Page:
The museum's first visitor, Sorin Balanescu, says that kitsch, which has become more prevalent since communism ended, is an eyesore in Bucharest.

In this Thursday, May 4, 2017, photo a quartz clock icon is on display in the religion kitsch section of the newly opened Bucharest Kitsch Museum, in Bucharest, Romania. The Kitsch Museum opens for visitors on Friday, May 5, 2017. (AP Photo/Vadim Ghirda) © The Associated Press In this Thursday, May 4, 2017, photo a quartz clock icon is on display in the religion kitsch section of the newly opened Bucharest Kitsch Museum, in Bucharest, Romania. The Kitsch Museum opens for visitors on Friday, May 5, 2017. (AP Photo/Vadim Ghirda)

"There is an invasion (of kitsch) that is so tiring and ugly," he said. "You can't see the city because of the billboards ... I don't know how we will get rid of it."

In this Thursday, May 4, 2017, photo a Communist education ministry poster depicting a traffic policeman is on display at the newly opened Bucharest Kitsch Museum, in Bucharest, Romania. The Kitsch Museum opens for visitors on Friday, May 5, 2017. (AP Photo/Vadim Ghirda) © The Associated Press In this Thursday, May 4, 2017, photo a Communist education ministry poster depicting a traffic policeman is on display at the newly opened Bucharest Kitsch Museum, in Bucharest, Romania. The Kitsch Museum opens for visitors on Friday, May 5, 2017. (AP Photo/Vadim Ghirda)

Even the entrance fee is influenced by kitsch. Foreigners pay 30 lei ($7.23) to visit the museum located in the Old Town (Centru Vechi) tourist district, while Romanians pay 20 lei ($4.8). Owner Cristian Lica says Romanians get a reduction in "a show of solidarity because they are exposed daily to kitsch."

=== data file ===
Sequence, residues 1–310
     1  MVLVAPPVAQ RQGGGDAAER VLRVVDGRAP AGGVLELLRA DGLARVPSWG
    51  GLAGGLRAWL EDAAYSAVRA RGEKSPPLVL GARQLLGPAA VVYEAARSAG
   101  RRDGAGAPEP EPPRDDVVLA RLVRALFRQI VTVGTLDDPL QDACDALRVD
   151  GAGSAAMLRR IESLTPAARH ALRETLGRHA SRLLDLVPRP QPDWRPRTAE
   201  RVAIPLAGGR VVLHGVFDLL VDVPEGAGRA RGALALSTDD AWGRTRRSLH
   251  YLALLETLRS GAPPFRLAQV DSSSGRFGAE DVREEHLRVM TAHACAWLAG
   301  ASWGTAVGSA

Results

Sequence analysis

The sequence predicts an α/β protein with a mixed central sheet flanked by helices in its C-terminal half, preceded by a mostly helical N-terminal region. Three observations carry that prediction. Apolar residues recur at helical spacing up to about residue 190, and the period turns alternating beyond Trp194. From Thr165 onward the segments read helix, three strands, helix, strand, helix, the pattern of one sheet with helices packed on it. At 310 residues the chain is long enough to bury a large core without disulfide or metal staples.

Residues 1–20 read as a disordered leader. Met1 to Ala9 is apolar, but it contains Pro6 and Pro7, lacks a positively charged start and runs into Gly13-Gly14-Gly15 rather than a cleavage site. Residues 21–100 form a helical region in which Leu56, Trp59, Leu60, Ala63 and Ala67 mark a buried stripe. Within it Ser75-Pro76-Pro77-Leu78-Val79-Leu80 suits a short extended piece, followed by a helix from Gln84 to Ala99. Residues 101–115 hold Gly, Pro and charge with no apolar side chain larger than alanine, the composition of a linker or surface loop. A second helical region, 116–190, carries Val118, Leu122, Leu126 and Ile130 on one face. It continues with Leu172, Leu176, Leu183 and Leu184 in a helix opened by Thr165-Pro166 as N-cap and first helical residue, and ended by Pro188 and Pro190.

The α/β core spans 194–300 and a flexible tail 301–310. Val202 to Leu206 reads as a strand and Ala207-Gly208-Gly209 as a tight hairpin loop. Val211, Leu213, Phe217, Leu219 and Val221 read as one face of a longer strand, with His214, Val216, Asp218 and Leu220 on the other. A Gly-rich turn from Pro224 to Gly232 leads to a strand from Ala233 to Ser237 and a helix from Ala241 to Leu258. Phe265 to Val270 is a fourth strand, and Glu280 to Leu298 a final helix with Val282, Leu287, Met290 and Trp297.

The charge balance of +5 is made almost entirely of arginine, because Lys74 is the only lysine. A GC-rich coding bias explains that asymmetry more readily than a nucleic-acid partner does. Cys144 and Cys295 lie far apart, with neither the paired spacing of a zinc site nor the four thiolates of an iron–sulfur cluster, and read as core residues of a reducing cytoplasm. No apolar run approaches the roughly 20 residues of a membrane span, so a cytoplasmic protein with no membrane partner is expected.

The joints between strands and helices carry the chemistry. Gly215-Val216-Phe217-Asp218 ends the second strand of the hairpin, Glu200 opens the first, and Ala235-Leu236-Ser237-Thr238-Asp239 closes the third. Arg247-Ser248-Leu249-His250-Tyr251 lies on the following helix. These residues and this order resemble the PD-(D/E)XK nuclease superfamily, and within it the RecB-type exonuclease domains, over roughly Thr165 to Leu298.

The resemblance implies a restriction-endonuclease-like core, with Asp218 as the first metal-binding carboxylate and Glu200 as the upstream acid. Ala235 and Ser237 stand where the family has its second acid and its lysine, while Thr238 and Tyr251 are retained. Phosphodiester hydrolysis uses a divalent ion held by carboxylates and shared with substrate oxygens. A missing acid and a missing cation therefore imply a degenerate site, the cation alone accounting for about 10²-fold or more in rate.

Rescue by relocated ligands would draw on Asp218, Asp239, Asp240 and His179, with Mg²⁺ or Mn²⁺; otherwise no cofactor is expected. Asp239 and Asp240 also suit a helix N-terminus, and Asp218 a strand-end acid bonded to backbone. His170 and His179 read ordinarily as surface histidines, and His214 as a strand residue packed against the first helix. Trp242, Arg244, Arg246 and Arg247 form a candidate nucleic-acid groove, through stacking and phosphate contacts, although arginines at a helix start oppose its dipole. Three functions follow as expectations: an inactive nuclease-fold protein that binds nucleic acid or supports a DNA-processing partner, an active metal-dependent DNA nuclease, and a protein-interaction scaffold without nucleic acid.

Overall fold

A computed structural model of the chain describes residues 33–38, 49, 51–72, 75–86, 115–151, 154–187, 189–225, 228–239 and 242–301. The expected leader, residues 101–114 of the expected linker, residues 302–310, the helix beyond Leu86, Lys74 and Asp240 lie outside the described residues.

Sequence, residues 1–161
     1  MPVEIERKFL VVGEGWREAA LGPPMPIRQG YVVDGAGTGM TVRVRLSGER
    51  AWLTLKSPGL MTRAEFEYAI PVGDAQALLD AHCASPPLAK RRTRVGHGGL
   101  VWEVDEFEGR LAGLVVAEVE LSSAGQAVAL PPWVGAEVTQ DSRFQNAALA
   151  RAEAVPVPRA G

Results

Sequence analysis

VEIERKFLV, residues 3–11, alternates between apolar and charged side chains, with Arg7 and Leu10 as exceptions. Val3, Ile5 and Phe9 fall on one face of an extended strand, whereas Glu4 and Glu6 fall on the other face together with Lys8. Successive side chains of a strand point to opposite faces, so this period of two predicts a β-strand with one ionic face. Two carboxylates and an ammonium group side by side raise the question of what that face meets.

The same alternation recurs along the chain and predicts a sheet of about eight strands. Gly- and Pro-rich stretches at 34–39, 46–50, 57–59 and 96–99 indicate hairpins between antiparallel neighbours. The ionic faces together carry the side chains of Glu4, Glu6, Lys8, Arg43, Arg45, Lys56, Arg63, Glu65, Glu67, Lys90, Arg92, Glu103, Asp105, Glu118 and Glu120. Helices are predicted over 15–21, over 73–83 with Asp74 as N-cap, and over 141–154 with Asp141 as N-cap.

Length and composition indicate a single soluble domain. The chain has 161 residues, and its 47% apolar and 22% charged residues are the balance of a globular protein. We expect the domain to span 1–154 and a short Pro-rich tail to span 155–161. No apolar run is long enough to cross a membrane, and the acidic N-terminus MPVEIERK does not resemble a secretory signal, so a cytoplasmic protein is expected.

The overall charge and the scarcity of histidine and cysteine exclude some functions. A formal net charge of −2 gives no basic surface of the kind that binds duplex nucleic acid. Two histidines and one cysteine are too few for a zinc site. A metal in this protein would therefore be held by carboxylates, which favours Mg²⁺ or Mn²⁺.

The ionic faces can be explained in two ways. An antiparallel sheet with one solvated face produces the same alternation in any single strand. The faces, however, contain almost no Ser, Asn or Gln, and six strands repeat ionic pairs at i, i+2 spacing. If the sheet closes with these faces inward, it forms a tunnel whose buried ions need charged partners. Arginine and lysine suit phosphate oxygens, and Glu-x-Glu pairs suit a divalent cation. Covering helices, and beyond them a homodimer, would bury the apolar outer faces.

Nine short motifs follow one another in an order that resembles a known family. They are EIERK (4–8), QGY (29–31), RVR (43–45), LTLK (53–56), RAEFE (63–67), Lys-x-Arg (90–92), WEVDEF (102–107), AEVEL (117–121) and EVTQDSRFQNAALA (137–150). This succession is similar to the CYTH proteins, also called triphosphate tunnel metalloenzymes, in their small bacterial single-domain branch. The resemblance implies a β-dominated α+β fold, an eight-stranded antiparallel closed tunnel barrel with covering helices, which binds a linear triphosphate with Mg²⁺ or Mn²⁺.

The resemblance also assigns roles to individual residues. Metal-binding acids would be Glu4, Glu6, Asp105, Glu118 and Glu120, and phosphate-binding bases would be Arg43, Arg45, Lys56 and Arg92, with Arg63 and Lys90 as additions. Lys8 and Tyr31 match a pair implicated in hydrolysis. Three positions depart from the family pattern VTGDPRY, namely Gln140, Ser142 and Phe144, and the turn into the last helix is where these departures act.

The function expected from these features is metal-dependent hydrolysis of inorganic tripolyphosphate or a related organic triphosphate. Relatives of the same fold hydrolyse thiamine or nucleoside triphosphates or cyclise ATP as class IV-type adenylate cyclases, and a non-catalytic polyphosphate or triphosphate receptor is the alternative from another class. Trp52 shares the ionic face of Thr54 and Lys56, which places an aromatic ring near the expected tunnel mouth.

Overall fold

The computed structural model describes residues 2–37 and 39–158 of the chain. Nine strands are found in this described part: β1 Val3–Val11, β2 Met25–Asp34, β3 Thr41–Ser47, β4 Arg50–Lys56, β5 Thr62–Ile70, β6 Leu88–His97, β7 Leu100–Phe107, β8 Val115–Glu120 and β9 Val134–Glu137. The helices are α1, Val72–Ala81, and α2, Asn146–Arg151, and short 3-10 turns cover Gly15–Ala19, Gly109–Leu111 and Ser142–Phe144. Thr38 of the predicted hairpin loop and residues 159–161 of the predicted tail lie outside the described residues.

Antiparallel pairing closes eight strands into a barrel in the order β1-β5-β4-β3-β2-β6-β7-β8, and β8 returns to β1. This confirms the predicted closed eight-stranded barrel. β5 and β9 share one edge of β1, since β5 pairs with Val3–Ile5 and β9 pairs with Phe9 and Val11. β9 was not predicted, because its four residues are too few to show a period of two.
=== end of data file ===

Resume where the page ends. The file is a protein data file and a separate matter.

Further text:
In this Thursday, May 4, 2017, a man walks by exhibits in the Gypsy kitsch section at the newly opened Bucharest Kitsch Museum, in Bucharest, Romania. The Kitsch Museum opens for visitors on Friday, May 5, 2017. (AP Photo/Vadim Ghirda) © The Associated Press In this Thursday, May 4, 2017, a man walks by exhibits in the Gypsy kitsch section at the newly opened Bucharest Kitsch Museum, in Bucharest, Romania. The Kitsch Museum opens for visitors on Friday, May 5, 2017. (AP Photo/Vadim Ghirda)

Some exhibits may cause controversy and even offense.

In this Thursday, May 4, 2017, photo museum owner Cristian Lica poses at the newly opened Bucharest Kitsch Museum, in Bucharest, Romania. The Kitsch Museum opens for visitors on Friday, May 5, 2017. (AP Photo/Vadim Ghirda) © The Associated Press In this Thursday, May 4, 2017, photo museum owner Cristian Lica poses at the newly opened Bucharest Kitsch Museum, in Bucharest, Romania. The Kitsch Museum opens for visitors on Friday, May 5, 2017. (AP Photo/Vadim Ghirda)